This site documents a group of ten exhibition watermark papers purchased some years ago at Greenwich Auctions. They did not know exactly what they were selling. Their guess was that the items were templates for stained-glass windows. The watermark images on this site have been extensively ‘enhanced’ using various digital tools. When viewing the watermarks, it should be remembered that the papers illustrated are plain white sheets of paper with no markings visible except when viewed against a bright light source.
The papers were made by paper makers T.H. Saunders, possibly at the Phoenix Mill in Dartford Kent. A new, approximately, A2 sized sheet, with an appropriately themed watermark, was produced for each International Exhibition at which they exhibited. The Wikipedia entry for T.H. Saunders is shown below. According to Wikipedia other examples of these papers date back as far as the 1851 Great Exhibition in London.
Thomas Harry Saunders (19 September 1813, London – 5 February 1870, Dartford), usually called T. H. Saunders, was a British paper-maker known especially for his watermarks, and also a philanthropist.
He was the youngest of the five children of hoop-maker John Saunders, and started a career in paper-making while in his twenties, becoming partner in a paper mill in 1840. He married Mary Marchant in 1844.
He won medals at international exhibitions for his firm's light and shade watermarks, which contributed to his success at the Great Exhibition in London in 1851. At the Irish exhibition of 1853 there was special mention for his "specimens of paper ornamented with a water mark, showing gradations of light and shade". The description continued, "This kind of paper is intended to prevent frauds in bills of exchange . . ." and the watermarks attracted many banks as customers, and made T. H. Saunders & Co important suppliers of postage stamps and banknotes to many countries in Europe, the British Empire and South America. The technology for this had been invented by William Henry Smith, and the design was created by "thin brass plates upon the bottom of the mould".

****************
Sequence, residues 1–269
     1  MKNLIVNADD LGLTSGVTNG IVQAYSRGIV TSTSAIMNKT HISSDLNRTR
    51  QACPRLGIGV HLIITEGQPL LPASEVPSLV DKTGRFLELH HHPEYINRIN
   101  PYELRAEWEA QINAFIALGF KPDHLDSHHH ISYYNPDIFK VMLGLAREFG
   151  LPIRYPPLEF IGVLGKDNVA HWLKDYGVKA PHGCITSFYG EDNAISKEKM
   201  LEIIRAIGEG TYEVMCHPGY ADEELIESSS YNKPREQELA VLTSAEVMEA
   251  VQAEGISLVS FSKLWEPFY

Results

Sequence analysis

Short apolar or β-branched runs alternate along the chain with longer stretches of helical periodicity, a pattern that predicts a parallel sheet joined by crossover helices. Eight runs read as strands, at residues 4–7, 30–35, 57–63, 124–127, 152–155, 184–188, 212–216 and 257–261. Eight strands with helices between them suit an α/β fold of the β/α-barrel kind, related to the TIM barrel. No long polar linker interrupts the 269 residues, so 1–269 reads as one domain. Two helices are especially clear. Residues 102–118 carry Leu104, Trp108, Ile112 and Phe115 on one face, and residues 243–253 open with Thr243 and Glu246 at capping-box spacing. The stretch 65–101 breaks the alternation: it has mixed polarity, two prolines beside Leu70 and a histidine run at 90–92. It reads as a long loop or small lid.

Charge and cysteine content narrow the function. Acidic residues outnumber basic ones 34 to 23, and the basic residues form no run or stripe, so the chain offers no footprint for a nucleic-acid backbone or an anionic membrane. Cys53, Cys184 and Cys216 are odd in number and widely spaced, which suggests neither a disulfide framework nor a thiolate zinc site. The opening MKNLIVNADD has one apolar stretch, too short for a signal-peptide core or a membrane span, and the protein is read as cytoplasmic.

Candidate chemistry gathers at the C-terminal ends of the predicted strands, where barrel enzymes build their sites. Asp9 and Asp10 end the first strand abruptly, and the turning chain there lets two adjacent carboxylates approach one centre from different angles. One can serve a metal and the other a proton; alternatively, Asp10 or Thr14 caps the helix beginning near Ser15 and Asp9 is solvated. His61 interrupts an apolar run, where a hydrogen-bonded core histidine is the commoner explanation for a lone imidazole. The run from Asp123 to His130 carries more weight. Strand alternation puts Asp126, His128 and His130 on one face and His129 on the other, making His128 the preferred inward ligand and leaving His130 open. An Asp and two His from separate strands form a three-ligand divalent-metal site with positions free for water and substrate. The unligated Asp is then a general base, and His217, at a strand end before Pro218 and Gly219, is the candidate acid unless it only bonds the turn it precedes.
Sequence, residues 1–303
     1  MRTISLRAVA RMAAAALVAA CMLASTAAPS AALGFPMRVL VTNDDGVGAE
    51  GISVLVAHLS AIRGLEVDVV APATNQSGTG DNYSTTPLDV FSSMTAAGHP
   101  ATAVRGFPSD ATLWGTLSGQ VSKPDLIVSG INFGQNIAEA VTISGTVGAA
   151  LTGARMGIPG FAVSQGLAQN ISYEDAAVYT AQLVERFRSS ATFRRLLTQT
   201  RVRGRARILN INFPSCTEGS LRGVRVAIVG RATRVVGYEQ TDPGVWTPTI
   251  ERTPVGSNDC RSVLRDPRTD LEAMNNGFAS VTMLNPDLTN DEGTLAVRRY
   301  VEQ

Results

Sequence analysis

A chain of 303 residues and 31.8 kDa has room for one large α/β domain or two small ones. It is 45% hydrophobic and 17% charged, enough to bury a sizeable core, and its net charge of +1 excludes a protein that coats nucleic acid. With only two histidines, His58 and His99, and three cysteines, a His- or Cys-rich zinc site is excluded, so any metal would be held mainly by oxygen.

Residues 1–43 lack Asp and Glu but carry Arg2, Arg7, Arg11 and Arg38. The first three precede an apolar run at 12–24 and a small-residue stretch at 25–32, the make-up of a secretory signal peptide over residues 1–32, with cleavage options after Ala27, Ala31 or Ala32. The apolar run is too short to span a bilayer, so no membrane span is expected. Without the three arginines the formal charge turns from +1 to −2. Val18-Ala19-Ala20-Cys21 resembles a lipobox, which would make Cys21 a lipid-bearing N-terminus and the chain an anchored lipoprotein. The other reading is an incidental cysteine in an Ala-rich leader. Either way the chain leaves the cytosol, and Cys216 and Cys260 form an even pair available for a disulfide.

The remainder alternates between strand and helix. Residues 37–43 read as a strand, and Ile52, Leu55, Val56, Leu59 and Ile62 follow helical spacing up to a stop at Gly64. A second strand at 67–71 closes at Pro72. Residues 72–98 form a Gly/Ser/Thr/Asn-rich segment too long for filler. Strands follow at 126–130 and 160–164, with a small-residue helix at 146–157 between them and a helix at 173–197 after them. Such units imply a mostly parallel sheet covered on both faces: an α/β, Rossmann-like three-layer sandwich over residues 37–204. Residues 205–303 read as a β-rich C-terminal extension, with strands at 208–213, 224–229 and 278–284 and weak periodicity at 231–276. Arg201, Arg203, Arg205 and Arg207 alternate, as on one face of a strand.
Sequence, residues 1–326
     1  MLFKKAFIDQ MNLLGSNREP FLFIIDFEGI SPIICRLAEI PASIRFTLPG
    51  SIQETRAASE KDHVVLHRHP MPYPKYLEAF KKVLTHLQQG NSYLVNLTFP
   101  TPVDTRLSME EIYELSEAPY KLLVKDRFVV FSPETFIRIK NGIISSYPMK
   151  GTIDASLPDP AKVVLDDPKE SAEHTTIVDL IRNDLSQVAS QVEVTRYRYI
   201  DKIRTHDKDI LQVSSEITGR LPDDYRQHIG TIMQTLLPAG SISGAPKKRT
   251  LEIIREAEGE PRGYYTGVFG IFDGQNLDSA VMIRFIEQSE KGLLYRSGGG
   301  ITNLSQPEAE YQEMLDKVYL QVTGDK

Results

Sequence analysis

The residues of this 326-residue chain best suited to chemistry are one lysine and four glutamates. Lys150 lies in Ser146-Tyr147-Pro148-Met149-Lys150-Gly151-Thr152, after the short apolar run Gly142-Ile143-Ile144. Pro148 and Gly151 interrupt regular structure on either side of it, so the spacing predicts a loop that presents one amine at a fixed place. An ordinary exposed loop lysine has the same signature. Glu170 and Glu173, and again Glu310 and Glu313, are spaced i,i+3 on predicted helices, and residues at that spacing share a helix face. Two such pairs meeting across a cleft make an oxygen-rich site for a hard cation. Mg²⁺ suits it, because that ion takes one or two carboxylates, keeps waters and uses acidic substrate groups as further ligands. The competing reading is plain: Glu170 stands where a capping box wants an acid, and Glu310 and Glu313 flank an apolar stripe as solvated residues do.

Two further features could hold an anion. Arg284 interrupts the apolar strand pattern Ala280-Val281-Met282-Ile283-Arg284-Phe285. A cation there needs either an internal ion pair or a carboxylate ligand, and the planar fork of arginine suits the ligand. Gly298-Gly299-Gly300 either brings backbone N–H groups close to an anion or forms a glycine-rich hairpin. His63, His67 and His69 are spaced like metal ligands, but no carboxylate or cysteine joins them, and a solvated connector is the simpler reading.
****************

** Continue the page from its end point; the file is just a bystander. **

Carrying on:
Saunders built up a business with six paper mills, one of them the renovated Phoenix Mill at Dartford in Kent. As well as secure, watermarked paper they also produced bulk products like newsprint for The Times. With one of his managers he patented improved systems for drying paper and regulating the supply of pulp. He twice met Palmerston, the prime minister, to discuss the taxation system as it related to paper manufacturing.
He was an active nonconformist Christian who gave generously to charity and paid the salary of a metropolitan missionary. As a supporter of the Shaftesbury Society which promoted ragged schools, he set up reading and writing classes for children from his mills. He was also a member of the Royal Society of Arts.
The paper business continued at various mills along the River Darent after Saunders' death in 1870. T. H. Saunders' name is still a registered trademark for drawing and watercolour paper, now produced as Saunders Waterford paper in Somerset.
Click on any of the small images below to view a much more detailed image of the watermark.